Every year, English teachers from across the country can submit their collections of actual analogies and metaphors found in high school essays. These excerpts are published each year to the amusement of teachers across the country. Here are last year’s winners…..
- Her face was a perfect oval, like a circle that had its two sides gently compressed by a Thigh Master.
- His thoughts tumbled in his head, making and breaking alliances like underpants in a dryer without Cling Free.
- He spoke with the wisdom that can only come from experience, like a guy who went blind because he looked at a solar eclipse without one of those boxes with a pinhole in it and now goes around the country speaking at high schools about the dangers of looking at a solar eclipse without one of those boxes with a pinhole in it.
- She grew on him like she was a colony of E. Coli, and he was room-temperature Canadian beef.
- She had a deep, throaty, genuine laugh, like that sound a dog makes just before it throws up.
- Her vocabulary was as bad as, like, whatever.
- He was as tall as a six-foot, three-inch tree.
- The revelation that his marriage of 30 years had disintegrated because of his wife’s infidelity came as a rude shock, like a surcharge at a formerly surcharge-free ATM machine.
- The little boat gently drifted across the pond exactly the way a bowling ball wouldn’t.
- McBride fell 12 stories, hitting the pavement like a Hefty bag filled with vegetable soup.
- From the attic came an unearthly howl. The whole scene had an eerie, surreal quality, like when you’re on vacation in another city and Jeopardy comes on at 7:00 p. m. instead of 7:30.
- Her hair glistened in the rain like a nose hair after a sneeze.
- The hailstones leaped from the pavement, just like maggots when you fry them in hot grease.
- Long separated by cruel fate, the star-crossed lovers raced across the grassy field toward each other like two freight trains, one having left Cleveland at 6:36 p. m. traveling at 55 mph, the other from Topeka at 4:19 p. m. at a speed of 35 mph.
- They lived in a typical suburban neighborhood with picket fences that resembled Nancy Kerrigan’s teeth.
- John and Mary had never met. They were like two hummingbirds who had also never met.
- He fell for her like his heart was a mob informant, and she was the East River.
- Even in his last years, Granddad had a mind like a steel trap, only one that had been left out so long, it had rusted shut.
- Shots rang out, as shots are wont to do.
- The plan was simple, like my brother-in-law Phil. But unlike Phil, this plan just might work.
- The young fighter had a hungry look, the kind you get from not eating for a while.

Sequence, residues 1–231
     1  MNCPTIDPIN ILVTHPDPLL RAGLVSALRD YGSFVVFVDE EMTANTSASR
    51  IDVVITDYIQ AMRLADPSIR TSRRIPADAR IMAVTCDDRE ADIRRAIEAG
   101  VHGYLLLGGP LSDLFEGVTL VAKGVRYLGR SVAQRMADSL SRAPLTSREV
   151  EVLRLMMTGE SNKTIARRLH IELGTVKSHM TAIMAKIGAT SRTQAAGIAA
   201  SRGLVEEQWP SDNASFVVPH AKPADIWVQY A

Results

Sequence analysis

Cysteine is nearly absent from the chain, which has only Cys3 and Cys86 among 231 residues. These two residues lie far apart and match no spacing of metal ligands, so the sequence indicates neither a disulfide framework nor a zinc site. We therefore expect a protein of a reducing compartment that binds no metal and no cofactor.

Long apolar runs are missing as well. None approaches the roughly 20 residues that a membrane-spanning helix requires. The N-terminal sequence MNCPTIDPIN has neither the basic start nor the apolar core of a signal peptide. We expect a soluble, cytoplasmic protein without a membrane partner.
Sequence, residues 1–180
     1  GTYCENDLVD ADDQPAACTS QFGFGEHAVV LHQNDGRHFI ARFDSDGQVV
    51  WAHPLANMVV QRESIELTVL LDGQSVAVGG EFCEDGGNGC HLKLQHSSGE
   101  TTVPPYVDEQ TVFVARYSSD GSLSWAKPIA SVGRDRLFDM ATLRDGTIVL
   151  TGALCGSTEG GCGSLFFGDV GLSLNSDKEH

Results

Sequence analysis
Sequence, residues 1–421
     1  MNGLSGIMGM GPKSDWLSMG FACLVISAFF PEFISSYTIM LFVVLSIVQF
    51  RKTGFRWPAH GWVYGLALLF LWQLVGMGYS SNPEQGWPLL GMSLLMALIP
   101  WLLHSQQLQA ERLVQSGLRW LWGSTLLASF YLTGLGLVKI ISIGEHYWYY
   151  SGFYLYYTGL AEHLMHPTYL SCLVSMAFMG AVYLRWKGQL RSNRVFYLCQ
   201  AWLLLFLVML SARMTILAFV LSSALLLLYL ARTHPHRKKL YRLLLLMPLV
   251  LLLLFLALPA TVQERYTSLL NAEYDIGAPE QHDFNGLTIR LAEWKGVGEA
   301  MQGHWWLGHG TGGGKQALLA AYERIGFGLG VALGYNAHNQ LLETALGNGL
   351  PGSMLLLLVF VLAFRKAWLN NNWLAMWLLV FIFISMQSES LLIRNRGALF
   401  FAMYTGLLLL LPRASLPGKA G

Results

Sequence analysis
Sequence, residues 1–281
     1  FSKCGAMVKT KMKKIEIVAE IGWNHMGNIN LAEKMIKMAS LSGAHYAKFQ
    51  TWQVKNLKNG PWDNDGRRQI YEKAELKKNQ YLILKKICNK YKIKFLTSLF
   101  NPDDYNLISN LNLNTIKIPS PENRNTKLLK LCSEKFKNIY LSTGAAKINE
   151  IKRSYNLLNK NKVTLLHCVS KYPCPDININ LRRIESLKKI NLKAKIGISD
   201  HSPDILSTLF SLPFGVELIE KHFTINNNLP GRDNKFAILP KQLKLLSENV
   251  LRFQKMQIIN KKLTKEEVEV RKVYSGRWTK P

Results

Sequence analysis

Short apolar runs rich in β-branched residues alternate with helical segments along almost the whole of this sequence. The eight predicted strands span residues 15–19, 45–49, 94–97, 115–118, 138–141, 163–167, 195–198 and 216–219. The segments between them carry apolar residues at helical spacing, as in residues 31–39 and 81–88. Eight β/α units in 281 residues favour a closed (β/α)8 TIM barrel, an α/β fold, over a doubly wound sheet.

- He was as lame as a duck. Not the metaphorical lame duck, either, but a real duck that was actually lame, maybe from stepping on a land mine or something.
- The ballerina rose gracefully en Pointe and extended one slender leg behind her, like a dog at a fire hydrant.
- It was an American tradition, like fathers chasing kids around with power tools.
- He was deeply in love. When she spoke, he thought he heard bells, as if she were a garbage truck backing up.
This was great. I needed a good laugh this morning.
“Her vocabulary was as bad as, like, whatever.” – laughed out loud at that one 🙂
That has to be the funniest thing I’ve seen on the web for a few months. Definitely need to forward this on. Thanks Alex!
[…] Blatant copying from Alex King … […]
Great Alex, now my coworkers definetly think I’m nuts =)
Thank You! I needed to laugh so hard I cried like someone rolling in the floor crying!
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i needed to read something intellectual (o.k. albeit accidently)!
i teach ESL to adults, who are the slowest thinkers in the world.
as i watch their group body language in class,
(praying that someone will suddenly bolt up — realizing he learned something wonderful) — my mind (and eyes) aches watching their communal dullness.
reading rhese metaphors — i realize that I can actually still “THINk” and imagine!
These are great!
These actually originate from two sources so far as I see:
A 1999 contest hosted by the Washington Post
and this book
Why someone mixed them together and then tried to pass them off as being written by high school students is one of those bizarre mysteries of the Web.
I recommend searching a distinctive phrase from email messages on snopes.com to find out if they’ve been debunked.
“not the metaphorical lame duck” site:snopes.com
in the Google search box.
A friend showed me a printout of this when she was cleaning out her files the other day so this link is doing the rounds of my friends. What a laugh! Thinking of starting the competition locally too!